And finally, I'll say this: That Samaritan helped that man not knowing what that man would do with the mercy shown him. There's a Spiritual I know that goes something like this:
I helped my brother the other day.
Give him my right hand,
But just as soon as ever my back was turned,
He scandalized my name.
Now, do you call that a brother? No, no
He scandalized my name.
What's the end of the story? The man changed his opinion of Samaritans, and was grateful to the Samaritan the rest of his life, or as the spiritual says: just as soon as ever the Samaritan's back was turned,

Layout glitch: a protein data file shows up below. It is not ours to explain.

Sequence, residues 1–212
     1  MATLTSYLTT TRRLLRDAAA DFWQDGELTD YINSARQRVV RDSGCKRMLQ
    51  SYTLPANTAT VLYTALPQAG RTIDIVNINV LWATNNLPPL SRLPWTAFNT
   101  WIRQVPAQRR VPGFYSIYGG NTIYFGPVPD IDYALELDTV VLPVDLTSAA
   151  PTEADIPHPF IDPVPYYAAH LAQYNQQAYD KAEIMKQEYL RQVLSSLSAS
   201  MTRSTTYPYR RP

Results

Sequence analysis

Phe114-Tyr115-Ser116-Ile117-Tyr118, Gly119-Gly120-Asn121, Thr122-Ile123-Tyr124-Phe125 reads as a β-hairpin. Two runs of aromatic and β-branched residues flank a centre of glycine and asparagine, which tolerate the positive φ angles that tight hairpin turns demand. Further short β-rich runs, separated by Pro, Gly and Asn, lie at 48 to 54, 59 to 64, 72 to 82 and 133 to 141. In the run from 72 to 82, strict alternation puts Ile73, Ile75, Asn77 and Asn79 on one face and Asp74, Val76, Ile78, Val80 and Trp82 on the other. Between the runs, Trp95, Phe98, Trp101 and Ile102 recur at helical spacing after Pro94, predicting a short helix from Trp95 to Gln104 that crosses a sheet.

he scandalized his name. We are allowed full control of the mercy we choose to show others, but what they will do with that mercy, that is not for us to control. ~Amen 


Cynthia Bourgeault: The Wisdom Jesus (Shambhala, 2008)

Richard Rorh, OFM: The Naked Now (Crossroad, 2009)

Sandra M. Schneiders, IHM: Buying the Field (Paulist Press, 2013)

William Shakespeare: The Merchant of Venice (1599)

Joan Chittister, OSB: God's Tender Mercy (Twenty-Third Publications, 2010)

Kathleen Norris: Amazing Grace (Riverhead Books, 1998)

Scandalized My Name (African-American Spiritual)